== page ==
A surge in rural homelessness is being fuelled by unaffordable countryside rents, a charity leader has warned as sweeping law reforms approach.
The Homelessness Reduction Act is coming into force on April 1 and will place extra legal duties on councils to ensure rough sleepers are supported in their area.
While destitution is most rife in cities, the English countryside has witnessed escalating levels in recent years, increasing 52% between 2010 and 2016 in the 41 “largely rural” local authority areas and 32% in “mainly rural” parts, according to research from the Institute for Public Policy Research.
The sprawling wilderness makes it difficult to detect rough sleepers in more remote communities, the 2017 report said, but one Somerset organisation found a hidden problem when it investigated.
Stephen Fowler, CEO of Elim Connect Centre in Mendip, estimated that there had been a 30% jump in cases over recent years and said they were currently supporting 16 rough sleepers.
His team has helped move around 60 people from the wilds into accommodation over the last year and offers support, temporary accommodation and drop-in sessions for those affected.
Mr Fowler told the Press Association: “I didn’t realise there was a problem with rough sleeping in our area until we started to do some work on this.
“Rural rough sleeping is slightly different to urban in the sense that people are often isolated and hard to find, people choose very often to live in a more rural location such as woods, barns, sheds and converted buildings.”
One “major issue” in rural areas was access to social and affordable housing, he said.
“Our biggest challenge is finding accommodation, in terms of access to social housing or supported housing that many people need (it) is extremely difficult – we work quite hard with the private rented sector but in an area like this the rents are so expensive.
“The other problem you have in a rural area that you don’t have in an urban area is you don’t have many HMOs – houses in multiple occupation – we don’t have many small flats or bedsits, they tend to be more expensive properties. Even to rent a two-bedroom flat here you would have to find quite a lot of money.”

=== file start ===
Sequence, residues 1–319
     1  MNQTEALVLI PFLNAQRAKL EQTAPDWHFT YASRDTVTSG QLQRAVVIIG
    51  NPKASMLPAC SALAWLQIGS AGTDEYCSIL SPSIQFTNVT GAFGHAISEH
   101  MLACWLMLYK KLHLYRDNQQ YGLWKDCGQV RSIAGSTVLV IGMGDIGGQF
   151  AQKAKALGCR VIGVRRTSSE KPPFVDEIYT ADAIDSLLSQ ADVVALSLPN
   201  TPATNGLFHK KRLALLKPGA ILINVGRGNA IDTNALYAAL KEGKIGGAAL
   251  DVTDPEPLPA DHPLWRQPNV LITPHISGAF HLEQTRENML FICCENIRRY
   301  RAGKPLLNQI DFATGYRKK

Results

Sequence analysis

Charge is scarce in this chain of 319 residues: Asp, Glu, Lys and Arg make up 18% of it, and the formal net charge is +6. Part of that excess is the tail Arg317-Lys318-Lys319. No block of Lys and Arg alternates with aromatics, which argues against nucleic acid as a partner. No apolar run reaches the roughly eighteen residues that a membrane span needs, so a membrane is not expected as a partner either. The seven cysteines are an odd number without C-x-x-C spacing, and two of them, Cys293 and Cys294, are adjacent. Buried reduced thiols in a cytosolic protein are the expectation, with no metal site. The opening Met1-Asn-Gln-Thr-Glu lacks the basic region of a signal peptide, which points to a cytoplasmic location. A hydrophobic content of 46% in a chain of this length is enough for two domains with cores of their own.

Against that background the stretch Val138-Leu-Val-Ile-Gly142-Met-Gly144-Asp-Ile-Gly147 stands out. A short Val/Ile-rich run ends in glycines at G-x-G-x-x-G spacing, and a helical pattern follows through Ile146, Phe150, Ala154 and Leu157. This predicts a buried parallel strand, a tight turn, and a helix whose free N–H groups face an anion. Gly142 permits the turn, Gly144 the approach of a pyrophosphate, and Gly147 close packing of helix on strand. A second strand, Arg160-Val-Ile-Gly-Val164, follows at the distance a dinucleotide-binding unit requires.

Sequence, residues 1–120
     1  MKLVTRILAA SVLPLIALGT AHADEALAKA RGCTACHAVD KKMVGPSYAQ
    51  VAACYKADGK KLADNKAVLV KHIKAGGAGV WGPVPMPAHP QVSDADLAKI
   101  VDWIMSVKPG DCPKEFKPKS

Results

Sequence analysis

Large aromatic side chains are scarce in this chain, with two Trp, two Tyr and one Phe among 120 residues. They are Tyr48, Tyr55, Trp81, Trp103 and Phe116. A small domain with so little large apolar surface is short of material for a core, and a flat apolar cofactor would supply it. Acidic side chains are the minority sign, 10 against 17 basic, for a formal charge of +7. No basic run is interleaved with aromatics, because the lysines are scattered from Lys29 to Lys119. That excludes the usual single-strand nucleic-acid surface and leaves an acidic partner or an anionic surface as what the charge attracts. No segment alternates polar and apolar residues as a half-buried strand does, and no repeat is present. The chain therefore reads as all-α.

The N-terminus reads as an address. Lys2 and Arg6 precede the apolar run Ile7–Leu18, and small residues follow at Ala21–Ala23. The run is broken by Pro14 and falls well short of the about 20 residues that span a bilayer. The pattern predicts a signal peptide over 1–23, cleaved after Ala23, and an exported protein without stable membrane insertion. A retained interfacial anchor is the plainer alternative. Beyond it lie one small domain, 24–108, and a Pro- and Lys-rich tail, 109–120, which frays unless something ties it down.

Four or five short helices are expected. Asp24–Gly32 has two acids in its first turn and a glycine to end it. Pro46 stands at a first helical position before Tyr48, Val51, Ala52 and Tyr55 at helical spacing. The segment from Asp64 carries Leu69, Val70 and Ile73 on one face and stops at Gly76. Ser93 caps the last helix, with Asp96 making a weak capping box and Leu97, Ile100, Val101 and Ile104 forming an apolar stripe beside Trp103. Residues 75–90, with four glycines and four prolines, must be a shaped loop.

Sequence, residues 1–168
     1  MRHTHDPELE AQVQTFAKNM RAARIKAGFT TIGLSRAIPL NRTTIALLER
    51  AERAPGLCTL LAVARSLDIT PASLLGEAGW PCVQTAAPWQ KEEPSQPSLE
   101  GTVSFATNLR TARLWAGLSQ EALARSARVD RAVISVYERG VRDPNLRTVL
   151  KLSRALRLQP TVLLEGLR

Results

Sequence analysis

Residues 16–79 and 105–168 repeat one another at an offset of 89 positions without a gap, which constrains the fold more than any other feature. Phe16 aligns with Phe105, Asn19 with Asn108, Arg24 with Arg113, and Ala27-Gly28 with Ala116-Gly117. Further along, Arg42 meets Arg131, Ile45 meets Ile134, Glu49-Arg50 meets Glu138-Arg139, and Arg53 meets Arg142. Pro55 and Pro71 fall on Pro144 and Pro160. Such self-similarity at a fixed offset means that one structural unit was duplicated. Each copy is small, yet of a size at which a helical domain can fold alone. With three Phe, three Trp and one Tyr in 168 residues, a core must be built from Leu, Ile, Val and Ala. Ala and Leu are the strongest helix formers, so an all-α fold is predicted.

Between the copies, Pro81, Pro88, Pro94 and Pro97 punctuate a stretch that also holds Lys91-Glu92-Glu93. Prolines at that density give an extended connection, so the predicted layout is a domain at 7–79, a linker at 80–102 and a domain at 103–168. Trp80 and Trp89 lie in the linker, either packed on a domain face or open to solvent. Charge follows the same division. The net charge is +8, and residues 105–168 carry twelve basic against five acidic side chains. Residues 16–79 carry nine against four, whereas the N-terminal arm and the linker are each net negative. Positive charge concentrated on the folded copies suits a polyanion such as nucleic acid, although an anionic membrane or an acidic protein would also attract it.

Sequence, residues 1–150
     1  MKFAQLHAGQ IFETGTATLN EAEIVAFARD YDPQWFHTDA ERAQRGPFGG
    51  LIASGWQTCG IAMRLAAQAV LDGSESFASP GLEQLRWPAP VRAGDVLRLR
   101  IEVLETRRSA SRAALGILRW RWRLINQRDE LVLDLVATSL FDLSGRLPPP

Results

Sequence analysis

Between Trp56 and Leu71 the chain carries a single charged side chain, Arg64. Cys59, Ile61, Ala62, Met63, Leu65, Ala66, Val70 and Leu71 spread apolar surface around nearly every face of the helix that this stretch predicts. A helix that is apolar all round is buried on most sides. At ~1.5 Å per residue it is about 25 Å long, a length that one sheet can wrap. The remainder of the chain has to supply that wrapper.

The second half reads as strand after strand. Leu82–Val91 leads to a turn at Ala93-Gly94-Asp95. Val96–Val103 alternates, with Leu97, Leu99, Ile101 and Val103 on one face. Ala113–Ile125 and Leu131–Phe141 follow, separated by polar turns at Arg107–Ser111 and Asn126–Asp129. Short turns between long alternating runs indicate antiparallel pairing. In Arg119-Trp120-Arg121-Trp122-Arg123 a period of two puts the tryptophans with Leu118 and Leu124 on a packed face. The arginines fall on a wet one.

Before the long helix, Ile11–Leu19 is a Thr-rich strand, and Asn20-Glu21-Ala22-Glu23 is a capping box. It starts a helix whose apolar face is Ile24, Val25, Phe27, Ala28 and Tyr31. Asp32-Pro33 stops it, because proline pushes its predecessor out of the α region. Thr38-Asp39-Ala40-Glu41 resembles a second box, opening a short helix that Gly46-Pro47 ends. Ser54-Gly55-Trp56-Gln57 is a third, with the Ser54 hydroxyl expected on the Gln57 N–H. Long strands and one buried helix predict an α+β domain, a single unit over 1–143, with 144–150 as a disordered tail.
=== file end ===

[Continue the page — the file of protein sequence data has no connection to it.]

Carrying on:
Coaxing rough sleepers from their makeshift campsites can often prove difficult in the countryside as few hostels exist and many find security in isolation.
Tim, who lived in the Wells woodland for four years, said his ramshackle home offered sanctuary from the ravages of everyday life.
His former camp is still littered with signs of a hermetic existence, including mud-strewn toothbrushes, rusting kettles and a surfeit of tarpaulins. Much of it has appeared in the time since Tim left.
He said: “Drugs, the people I was associating with, the lifestyle I was living, I didn’t want to live that life anymore – I wanted to go away from it. The only way I could get away from it was to run away and hide.
“When I was up here first I was on my own, but when I left there was a couple of other people (who) moved in down the track.”
For others, their change of circumstance was more unexpected.
Garry Murphy, who is currently homeless in the Mendip area, said: “I was the victim of a violent assault and I found myself in a situation where I wasn’t able to work because of the injuries I sustained. It was a knife attack.
“The knock-on effect of that (was that) I wasn’t able to pay rent on where I was living.
“I think a lot of people have been conditioned to think that homeless people either have some drug or alcohol addictions going on – it’s much wider than that, homelessness, it can happen to anyone.”
The impending changes to the law has given optimism to those supporting the transient communities of rural homeless, however.
Paul Kingston, an outreach worker from the Connect Centre, said: “That should do a lot to assist people are homeless, it will make the responsibility of local councils much greater to them.”